Monday, December 08, 2008

Moral Precision

I take a morality approach to economics. I am not interested in what will work. My focus is on what is right or wrong.

The consequence of this approach is that it is important to be precise about which actions are wrong and who is taking the wrong action. Vague statements will no do.

  1. The exact action that is morally wrong must be identified precisely.
  2. The moral actor who is taking the wrong action must also be identified.
  3. Laws that legitimise immoral actions are particularly insidious, so they must be accurately identified.
  4. The politicians responsible for passing the immoral law must be clearly specified.
This is why I have investigated the concept of bailment when discussing the banking system. I wanted to establish whether banks are acting immorally or not. My conclusion is that when a bank takes a demand deposit and records it as an asset on their balance sheet, they might not be stealing, but they are being very devious, because they make very little effort to explain to depositors the legal implications of their action. They do not say, “You have just become a creditor of the bank”.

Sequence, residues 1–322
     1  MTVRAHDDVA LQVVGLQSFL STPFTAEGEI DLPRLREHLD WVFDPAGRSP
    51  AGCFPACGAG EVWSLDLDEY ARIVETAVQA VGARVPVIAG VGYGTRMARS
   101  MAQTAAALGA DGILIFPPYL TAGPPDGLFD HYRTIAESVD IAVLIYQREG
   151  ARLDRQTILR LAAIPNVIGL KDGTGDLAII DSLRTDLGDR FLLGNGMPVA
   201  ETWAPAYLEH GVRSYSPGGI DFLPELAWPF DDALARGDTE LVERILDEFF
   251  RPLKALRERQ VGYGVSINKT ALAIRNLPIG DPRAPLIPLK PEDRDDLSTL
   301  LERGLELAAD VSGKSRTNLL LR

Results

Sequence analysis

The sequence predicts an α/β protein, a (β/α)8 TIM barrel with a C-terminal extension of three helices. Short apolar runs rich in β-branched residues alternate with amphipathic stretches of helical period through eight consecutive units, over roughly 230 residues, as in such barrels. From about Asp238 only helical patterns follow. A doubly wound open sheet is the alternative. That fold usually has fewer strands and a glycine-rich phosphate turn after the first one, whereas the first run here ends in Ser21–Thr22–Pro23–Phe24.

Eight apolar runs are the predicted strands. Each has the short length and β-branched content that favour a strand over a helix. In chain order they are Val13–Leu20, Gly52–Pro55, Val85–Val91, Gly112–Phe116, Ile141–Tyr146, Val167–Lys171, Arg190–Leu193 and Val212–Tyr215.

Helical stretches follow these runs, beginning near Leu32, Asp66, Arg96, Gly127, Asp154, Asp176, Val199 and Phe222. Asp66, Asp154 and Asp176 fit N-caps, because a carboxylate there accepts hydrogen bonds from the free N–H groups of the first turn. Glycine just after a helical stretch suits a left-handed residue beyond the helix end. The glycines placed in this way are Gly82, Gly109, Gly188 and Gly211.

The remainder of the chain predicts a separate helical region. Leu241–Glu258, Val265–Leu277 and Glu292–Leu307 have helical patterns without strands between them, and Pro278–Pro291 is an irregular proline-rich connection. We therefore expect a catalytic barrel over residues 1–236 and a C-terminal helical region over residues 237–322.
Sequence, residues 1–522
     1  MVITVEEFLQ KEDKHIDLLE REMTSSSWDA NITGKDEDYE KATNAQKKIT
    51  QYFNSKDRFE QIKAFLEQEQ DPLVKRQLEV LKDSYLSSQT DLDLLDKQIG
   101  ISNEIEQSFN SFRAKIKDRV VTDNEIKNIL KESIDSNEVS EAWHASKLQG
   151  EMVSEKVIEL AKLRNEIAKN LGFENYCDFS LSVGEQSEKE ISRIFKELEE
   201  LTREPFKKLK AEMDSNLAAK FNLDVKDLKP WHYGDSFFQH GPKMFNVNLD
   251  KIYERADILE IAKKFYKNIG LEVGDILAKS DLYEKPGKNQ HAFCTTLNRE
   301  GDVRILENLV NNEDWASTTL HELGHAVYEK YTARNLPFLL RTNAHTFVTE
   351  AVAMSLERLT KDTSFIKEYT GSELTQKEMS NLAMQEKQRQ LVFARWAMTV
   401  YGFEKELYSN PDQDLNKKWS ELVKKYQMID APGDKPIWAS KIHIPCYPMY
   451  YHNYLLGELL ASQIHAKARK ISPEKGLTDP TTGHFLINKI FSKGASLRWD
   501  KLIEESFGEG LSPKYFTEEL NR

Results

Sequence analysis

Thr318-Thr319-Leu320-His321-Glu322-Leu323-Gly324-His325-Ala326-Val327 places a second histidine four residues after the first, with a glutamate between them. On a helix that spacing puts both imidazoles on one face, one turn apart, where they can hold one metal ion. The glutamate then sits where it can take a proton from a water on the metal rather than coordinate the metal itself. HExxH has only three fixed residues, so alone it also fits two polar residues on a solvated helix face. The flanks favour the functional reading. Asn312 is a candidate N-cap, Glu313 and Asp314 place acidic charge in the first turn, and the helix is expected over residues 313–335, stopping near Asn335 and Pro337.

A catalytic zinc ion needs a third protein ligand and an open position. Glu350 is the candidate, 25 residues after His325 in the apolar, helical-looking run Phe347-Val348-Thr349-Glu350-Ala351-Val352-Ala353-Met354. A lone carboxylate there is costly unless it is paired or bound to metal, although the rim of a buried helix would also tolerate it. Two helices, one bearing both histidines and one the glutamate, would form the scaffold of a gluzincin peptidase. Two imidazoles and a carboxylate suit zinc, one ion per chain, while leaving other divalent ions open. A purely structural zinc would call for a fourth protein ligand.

On person made the following response.
The focus should be on fiat currency. That is where the fraud is occurring. That is where the thieving is going on.
This raises an important issue, but the comment is too vague. Fiat currency may be morally wrong, but we must specify more precisely the actions that are morally wrong. The moral agent responsible for the fraud or theft must also be clearly specified. Is it the government, or the banks, or people accepting the fiat currency?

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